Ecotourism – what it really means

I have been reflecting for some time on the concept of Ecotourism. This is a word that started to be used some twenty years ago, and over the years I have been following the way in which tourism providers and vacation centres around the world have been adopting the word in their promotional material. Sometimes it has seemed to me that the use of the term Ecotourism has been more as a hook to attract clients, rather than as a definitive statement as to the policies, attitudes and competencies of the supplying companies.
In the past few weeks I have asked a wide range of people, including successive clients taking a cruise with us on the Saint Louis, the same question. “What do you understand by Ecotourism? The answers have been revealing. Many people happily used the word without understanding what it meant, and the majority of people associated Ecotourism with safaris in Africa and with tours in Asia.
In order to research the subject further, I have spent some time on the internet. My findings have been interesting. There is a body called The International Ecotourism Society, and their definition of Ecotourism is “Responsible holidays to natural areas that conserves the environment and improves the well-being of local people”.
So far so good. It is also stated that Ecotourism and Sustainable Tourism are virtually the same thing, and that an essential dimension of Ecotourism is that it is of low impact and small scale.
It is also made clear that the “natural areas” may be remote wildernesses or urban centres – to comply with the term one essential criterion is that the infrastructure must be pre-existing, as distinct from being made solely for the tourist.
Having established in my mind what the outside world means by Ecotourism, I then reviewed the members of Slow Travel Tours, and what we each provide. It seems to me that without exception we each are providers of Ecotourism. We are all of us small scale, we all operate within the pre-existing infrastructure, we all provide services in ways that are respectful of the environment, and we all enhance the well-being of the local population in the areas in which we operate. I would urge the reader to review the services of each member of this group – you will find a great diversity of “products” – all operating within the framework of Ecotourism. Members of the group are involved in hiking in Provence, in archaeology tours, courses in local cooking in Italy, courses in creative art, music speciality weeks, and a range of guided tours to local markets and other local places of interest.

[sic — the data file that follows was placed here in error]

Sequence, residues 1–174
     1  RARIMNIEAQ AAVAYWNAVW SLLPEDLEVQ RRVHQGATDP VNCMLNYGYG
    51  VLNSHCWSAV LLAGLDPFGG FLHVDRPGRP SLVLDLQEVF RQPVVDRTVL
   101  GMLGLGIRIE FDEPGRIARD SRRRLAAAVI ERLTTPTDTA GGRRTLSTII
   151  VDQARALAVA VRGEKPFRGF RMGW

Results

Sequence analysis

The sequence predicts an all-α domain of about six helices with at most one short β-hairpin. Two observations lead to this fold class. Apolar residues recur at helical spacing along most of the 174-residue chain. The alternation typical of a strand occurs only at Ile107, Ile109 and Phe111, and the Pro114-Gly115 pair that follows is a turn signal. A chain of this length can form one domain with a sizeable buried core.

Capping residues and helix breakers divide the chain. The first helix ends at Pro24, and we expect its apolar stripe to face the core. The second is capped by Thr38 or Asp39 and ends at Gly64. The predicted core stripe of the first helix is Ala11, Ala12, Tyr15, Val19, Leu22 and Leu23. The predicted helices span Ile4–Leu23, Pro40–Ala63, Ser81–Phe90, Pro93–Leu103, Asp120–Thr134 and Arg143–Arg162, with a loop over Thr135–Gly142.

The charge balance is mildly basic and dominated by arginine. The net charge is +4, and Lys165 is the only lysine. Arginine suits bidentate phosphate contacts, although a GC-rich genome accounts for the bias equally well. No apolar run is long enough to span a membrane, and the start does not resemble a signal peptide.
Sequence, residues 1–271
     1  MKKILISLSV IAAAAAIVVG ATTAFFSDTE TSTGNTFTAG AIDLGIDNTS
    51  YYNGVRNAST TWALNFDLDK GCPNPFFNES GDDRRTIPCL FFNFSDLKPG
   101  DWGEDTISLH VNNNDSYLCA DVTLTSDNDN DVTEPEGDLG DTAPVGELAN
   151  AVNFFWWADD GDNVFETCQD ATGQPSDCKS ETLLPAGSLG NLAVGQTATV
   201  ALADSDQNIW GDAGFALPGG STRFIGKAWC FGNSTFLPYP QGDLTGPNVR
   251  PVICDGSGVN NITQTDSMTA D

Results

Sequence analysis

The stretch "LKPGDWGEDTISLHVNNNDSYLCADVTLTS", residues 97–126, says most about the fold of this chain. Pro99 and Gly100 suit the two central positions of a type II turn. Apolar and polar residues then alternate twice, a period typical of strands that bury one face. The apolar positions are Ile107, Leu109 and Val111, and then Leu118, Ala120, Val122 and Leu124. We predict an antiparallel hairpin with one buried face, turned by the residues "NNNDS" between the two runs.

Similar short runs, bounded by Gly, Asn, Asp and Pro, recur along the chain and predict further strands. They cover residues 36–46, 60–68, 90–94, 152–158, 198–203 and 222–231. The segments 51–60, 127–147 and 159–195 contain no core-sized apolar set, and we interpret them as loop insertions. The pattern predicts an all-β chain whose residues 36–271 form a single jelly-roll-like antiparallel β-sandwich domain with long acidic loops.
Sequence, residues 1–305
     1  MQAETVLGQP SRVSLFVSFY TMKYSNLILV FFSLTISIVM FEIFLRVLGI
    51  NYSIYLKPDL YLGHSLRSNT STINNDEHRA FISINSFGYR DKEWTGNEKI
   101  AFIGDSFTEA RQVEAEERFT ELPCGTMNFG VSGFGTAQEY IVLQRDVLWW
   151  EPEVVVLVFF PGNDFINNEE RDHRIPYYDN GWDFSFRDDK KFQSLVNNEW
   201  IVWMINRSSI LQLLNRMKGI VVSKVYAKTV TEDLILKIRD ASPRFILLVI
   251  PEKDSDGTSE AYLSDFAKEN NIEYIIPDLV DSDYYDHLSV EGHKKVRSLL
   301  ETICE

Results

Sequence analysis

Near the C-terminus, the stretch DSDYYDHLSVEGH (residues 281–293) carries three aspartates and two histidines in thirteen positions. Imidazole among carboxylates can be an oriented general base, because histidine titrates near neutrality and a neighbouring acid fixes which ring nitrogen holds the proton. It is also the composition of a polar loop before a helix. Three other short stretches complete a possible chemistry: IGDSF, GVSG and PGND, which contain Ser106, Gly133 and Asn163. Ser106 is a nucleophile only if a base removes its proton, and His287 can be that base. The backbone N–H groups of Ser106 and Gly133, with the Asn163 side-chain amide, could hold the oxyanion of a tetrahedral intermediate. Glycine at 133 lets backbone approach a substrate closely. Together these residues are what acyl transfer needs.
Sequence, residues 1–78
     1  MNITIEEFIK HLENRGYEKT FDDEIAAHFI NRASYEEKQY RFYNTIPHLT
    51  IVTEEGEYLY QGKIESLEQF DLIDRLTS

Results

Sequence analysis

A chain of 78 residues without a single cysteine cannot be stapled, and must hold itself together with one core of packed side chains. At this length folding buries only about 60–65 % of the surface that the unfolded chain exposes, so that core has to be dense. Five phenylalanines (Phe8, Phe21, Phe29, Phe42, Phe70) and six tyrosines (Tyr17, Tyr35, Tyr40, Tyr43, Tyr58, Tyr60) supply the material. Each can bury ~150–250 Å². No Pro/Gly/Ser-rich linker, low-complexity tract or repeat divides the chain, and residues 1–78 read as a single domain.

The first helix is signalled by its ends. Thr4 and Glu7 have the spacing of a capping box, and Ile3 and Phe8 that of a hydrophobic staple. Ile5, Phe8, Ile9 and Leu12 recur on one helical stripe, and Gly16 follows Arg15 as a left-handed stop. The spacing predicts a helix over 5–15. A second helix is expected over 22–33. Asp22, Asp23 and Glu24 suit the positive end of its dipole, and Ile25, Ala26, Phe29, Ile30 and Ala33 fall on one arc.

Take, for example, the cruises that we provide on the Saint Louis. We operate on a canal system that was built for the transport of freight 160 years ago (and it was dug by human effort, no machinery involved) The barge was built more than 80 years ago, and had a full career as a bulk carrier before it became redundant and was converted into a hotel barge. The water in the canal is not pumped, it flows by gravity from the Black Mountains and from the Pyrenees. As a result of the slow speed that we travel at, and the very efficient engine we have, our fuel burn is tiny – I only ever fill up with fuel twice in a year. We do not in the least disturb the environment that we travel in, indeed many of our guests revel in the unspoiled countryside and the wealth of wildlife that we pass by. We carry out excursions to a wide range of local enterprises – wine makers, farmers, potters, barrel makers, jewellery makers , distillers – who each are pleased to benefit from the visits that we pay them. And the local suppliers tradesmen and artisans are equally pleased to have our business.
The next time you think of Ecotourism – think of Slow Travel Tours!
[boilerplateplate = “Saint Louis Barge”]

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